By Elizabeth Bigham ’18
For more than 15 years, Webb’s String Orchestra has opened the doors for hundreds of students to learn the true value of making music. Many students go on to use the lessons they learn from their time in class and on stage in other fields, but others are inspired to make music their life. One alum, though, has decided to make music in more ways than one.
M. Tucker Jones ’20 is a current junior at East Tennessee State University majoring in viola performance with an emphasis in composing. He is a member of the ETSU Symphony, rising member of the Johnson City Symphony, and has composed pieces for an array of instruments and ensembles.
His recent minimalist composition “The Spot That Lasts the Longest” won top prize in the 2023 Kenton Coe Music Composition Competition, with parts for keyboard, brass, and even rubber band. The piece is lively, dramatic, contemplative, and reflects Jones’s complex sensibilities and talent as a composer. With his newest piece debuting on Nov. 17, he is going back to his roots, both musically and educationally.
Jones had a unique experience when he began playing the viola his sophomore year at Webb. He played piano in Janet Linton’s class freshman year, but this was his first time playing a stringed instrument. Susan Mullen, the teacher and founder of Webb’s String Orchestra, remembers being skeptical when Jones approached her at the end of the spring semester asking to join Intermediate Orchestra in the fall.
When asked why he should go straight to Intermediate, he stated he was going to learn the basics of how to play the viola over the summer. She encouraged him to pick up the viola, but knowing how difficult it was to learn the basics, she did not want to place him in Intermediate Orchestra until she knew he was ready.
It was evident, though, in his first week in Strings I after summer break that he had done exactly what he said he’d do: through two months of hard work, he had learned everything he needed to jump straight to Intermediate. So, he was moved up, and continued playing with the same work ethic and enthusiasm for his instrument.
When asked about what drew him to the viola, Jones remembers instantly feeling a connection to it. “It’s all I wanted to do,” he laughed, recalling that once he started practicing, he wouldn’t want to stop. And he didn’t stop, continuing to grow in Webb’s orchestras until he graduated.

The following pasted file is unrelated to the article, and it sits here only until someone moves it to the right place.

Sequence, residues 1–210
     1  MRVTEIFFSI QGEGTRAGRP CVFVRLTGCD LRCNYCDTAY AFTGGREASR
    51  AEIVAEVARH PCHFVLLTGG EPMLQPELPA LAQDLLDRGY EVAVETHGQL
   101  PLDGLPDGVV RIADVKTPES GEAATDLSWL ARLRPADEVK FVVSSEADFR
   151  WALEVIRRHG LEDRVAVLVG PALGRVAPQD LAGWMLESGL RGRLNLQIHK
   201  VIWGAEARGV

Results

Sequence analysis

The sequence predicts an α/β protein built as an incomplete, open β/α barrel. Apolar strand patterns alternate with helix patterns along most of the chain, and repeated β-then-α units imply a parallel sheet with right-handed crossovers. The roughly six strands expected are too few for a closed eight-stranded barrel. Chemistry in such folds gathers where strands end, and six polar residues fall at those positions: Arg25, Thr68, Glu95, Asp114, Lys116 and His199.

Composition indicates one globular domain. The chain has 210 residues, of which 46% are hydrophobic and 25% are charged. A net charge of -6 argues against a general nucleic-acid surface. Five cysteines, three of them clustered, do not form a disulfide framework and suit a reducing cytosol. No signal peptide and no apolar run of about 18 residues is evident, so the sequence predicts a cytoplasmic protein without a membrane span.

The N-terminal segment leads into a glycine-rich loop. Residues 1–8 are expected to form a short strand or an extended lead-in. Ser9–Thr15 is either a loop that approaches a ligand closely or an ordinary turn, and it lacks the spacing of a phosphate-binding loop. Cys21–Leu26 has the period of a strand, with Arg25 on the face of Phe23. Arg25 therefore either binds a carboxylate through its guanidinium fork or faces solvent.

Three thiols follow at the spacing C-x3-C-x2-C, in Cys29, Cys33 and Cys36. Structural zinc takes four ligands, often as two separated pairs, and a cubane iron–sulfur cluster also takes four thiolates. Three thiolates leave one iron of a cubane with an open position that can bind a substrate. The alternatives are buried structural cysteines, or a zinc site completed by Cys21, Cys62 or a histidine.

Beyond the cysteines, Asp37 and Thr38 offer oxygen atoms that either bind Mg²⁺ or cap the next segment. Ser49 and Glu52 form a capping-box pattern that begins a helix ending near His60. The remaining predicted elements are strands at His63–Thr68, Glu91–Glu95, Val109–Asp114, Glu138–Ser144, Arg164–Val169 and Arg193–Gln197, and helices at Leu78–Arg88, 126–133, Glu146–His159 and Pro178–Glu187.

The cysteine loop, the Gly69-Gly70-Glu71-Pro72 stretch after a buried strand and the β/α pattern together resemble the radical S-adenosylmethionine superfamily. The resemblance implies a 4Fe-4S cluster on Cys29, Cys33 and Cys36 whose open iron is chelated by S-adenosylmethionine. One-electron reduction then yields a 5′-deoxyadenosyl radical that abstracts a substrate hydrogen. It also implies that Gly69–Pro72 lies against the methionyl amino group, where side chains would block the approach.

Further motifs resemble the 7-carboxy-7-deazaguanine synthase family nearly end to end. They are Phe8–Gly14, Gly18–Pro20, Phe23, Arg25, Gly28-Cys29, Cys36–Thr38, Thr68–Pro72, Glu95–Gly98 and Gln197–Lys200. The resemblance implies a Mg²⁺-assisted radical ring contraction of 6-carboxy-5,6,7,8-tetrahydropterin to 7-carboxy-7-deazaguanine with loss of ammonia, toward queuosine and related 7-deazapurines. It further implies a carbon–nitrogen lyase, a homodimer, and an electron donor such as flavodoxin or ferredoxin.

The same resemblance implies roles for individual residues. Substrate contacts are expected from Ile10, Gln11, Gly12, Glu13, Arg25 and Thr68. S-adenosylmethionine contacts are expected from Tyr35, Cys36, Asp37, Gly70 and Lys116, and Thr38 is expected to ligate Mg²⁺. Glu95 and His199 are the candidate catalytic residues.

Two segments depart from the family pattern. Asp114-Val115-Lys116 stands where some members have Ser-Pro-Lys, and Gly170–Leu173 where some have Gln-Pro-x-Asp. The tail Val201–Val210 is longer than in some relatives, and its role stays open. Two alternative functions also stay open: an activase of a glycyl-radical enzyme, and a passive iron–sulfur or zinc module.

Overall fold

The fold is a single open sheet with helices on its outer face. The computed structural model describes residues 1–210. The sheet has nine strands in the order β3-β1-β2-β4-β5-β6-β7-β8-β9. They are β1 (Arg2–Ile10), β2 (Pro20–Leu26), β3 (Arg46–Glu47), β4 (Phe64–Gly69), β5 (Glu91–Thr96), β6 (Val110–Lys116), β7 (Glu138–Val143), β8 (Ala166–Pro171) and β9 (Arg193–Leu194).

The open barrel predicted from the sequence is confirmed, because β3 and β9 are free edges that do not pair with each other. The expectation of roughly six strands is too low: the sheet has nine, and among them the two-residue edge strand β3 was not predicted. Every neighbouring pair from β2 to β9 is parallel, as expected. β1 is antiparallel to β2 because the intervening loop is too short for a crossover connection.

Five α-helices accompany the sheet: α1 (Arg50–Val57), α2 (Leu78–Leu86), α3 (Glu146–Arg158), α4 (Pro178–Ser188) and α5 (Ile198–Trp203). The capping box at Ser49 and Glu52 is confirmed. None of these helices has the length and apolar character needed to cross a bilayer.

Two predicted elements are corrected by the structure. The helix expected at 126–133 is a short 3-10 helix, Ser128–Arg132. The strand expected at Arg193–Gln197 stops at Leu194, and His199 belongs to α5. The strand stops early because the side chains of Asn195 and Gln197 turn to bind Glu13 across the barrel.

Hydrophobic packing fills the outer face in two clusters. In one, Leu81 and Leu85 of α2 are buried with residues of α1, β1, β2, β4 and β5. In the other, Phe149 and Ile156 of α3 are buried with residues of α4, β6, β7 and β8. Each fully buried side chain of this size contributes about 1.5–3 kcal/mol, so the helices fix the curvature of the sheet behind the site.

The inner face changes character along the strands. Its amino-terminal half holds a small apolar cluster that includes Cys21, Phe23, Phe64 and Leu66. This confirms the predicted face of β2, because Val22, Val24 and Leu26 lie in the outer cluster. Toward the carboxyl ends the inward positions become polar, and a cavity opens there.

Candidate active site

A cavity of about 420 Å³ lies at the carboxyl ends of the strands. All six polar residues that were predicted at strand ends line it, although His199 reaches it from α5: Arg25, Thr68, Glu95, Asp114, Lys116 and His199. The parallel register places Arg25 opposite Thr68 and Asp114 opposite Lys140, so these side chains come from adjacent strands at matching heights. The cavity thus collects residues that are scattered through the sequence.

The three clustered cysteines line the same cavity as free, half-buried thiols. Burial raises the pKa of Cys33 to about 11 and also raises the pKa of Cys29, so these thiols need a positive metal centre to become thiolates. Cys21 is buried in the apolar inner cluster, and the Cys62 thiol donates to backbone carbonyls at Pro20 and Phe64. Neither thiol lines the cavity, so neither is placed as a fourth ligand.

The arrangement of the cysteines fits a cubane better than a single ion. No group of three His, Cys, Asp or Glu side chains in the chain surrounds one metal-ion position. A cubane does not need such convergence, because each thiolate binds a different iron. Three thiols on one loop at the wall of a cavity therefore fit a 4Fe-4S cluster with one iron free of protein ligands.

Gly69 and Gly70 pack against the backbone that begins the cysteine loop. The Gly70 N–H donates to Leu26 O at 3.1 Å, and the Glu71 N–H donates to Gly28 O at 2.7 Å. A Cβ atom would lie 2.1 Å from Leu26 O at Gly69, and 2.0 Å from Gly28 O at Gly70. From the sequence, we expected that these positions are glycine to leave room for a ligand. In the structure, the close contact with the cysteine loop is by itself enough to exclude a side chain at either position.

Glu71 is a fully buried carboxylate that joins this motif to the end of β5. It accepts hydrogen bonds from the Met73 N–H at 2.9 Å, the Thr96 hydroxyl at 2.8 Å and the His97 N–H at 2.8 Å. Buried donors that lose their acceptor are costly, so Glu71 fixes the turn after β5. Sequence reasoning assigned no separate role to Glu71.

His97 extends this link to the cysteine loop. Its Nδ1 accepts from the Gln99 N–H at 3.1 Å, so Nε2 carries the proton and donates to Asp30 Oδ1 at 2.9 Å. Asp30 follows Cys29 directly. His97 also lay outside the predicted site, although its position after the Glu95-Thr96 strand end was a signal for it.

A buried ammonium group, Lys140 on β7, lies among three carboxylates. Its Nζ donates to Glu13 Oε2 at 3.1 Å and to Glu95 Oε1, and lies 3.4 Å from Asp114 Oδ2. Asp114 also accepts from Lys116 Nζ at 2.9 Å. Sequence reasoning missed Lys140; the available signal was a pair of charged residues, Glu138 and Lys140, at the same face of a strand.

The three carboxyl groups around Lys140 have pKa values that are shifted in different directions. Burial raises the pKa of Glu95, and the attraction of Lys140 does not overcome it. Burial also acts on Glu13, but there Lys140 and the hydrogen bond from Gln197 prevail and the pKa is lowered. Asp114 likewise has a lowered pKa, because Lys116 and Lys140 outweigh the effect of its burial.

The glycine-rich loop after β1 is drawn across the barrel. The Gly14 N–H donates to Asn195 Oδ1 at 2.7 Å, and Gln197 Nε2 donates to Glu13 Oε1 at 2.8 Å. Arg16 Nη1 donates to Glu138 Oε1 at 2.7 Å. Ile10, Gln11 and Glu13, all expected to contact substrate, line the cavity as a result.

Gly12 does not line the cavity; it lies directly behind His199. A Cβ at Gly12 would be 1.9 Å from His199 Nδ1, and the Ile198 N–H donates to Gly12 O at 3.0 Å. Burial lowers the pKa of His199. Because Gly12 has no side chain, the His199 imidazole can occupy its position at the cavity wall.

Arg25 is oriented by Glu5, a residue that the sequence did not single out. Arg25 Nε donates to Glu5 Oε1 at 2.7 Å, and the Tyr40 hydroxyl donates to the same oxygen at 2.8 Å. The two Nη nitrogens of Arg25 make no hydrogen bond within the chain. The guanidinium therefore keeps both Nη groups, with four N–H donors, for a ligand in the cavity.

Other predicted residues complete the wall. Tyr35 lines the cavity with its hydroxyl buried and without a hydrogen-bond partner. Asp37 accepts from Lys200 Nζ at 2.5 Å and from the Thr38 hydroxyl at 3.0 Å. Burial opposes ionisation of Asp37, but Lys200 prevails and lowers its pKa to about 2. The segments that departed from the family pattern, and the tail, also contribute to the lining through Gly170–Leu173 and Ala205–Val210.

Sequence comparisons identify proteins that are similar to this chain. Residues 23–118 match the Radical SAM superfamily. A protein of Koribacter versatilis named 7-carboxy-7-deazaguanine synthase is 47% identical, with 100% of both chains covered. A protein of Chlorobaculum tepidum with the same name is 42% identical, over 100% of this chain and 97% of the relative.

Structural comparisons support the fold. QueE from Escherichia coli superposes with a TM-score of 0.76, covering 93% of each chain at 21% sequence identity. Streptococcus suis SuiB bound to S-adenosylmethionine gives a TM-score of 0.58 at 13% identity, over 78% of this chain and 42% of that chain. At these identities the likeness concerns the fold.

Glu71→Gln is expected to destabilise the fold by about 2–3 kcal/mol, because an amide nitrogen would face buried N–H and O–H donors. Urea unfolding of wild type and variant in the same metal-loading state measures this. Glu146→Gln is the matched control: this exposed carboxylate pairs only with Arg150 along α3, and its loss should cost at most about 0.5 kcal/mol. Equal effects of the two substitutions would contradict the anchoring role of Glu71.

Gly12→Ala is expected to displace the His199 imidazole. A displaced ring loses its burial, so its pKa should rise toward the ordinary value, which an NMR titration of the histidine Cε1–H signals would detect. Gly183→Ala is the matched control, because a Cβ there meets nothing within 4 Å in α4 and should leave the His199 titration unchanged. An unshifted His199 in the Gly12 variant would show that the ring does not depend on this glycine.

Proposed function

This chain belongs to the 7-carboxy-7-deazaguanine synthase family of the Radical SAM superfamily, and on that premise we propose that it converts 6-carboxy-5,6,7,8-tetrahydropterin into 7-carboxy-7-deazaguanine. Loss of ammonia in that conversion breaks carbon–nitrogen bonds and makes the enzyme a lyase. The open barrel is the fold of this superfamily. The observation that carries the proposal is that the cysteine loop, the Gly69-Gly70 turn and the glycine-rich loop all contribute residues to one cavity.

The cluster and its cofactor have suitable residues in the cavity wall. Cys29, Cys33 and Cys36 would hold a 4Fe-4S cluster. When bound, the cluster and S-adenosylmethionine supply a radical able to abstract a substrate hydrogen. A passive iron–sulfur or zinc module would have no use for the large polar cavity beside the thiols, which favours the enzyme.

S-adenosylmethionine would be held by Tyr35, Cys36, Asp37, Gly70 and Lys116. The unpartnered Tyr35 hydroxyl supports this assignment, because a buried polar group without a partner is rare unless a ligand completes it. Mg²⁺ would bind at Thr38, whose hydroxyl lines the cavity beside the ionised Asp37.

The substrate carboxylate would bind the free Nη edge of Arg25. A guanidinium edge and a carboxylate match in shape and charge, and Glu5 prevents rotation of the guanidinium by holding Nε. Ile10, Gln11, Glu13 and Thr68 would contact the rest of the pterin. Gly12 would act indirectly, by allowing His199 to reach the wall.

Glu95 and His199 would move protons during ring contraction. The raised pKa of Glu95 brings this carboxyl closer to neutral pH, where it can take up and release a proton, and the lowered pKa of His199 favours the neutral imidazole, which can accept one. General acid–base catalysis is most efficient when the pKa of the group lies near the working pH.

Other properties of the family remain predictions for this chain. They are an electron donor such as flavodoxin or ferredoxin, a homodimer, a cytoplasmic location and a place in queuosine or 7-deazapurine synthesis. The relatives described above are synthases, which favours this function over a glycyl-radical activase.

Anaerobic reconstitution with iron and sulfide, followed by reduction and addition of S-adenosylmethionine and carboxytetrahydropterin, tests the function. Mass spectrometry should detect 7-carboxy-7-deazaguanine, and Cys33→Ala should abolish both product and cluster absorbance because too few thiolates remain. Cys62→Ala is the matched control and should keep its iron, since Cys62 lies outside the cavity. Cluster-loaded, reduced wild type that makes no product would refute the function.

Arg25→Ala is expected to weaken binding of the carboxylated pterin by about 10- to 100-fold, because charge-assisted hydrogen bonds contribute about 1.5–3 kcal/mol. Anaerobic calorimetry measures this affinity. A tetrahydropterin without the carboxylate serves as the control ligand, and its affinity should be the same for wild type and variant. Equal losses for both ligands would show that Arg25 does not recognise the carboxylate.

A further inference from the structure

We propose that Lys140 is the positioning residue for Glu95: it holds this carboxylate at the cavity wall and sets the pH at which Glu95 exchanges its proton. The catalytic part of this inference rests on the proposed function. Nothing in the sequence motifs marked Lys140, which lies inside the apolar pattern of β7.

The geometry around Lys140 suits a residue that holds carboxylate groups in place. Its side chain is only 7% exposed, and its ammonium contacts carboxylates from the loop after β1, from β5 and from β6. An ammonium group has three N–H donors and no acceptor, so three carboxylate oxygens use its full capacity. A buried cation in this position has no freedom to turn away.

After Webb, he felt the need to keep playing, and joined another orchestra conducted by Mrs. Mullen: the Lionheart Chamber Orchestra in Murfreesboro. He has many fond memories of playing with the group and performed with them for a year before taking more time to focus on his growing love of composition and performance at ETSU. Now, Jones is returning to Lionheart as a composer with the piece “Mr. Lion and the Mother,” composed for the orchestra in which he began his adult career.
The piece is atmospheric and cinematic, animating the story of a lion on the hunt and his emotional encounter with a mother wildebeest. “The thing to remember about the piece is that it’s supposed to be cheesy, a little cheeky,” Jones explained. “It was conceived at the time my niece was born, so it’s made to be a bit of a piece for kids, like a storybook.” He likened it to something that would score beneath “The Lion King” or a nature documentary, a fitting piece for the “Lion”-heart orchestra.
As Jones returns to Lionheart, he is joined by not only Mrs. Mullen, but also two other Webb alumni: myself, Elizabeth Bigham ’18, and David Tran ‘23. Tran is a current freshman at Cumberland University working towards a premedical degree and has brought his talents and passion for the violin to his first season in Lionheart. This is my second season with Lionheart, and while the arts are present in my work as a film production assistant and videographer in Nashville, I have been thrilled to have the chance to play the violin again with Lionheart.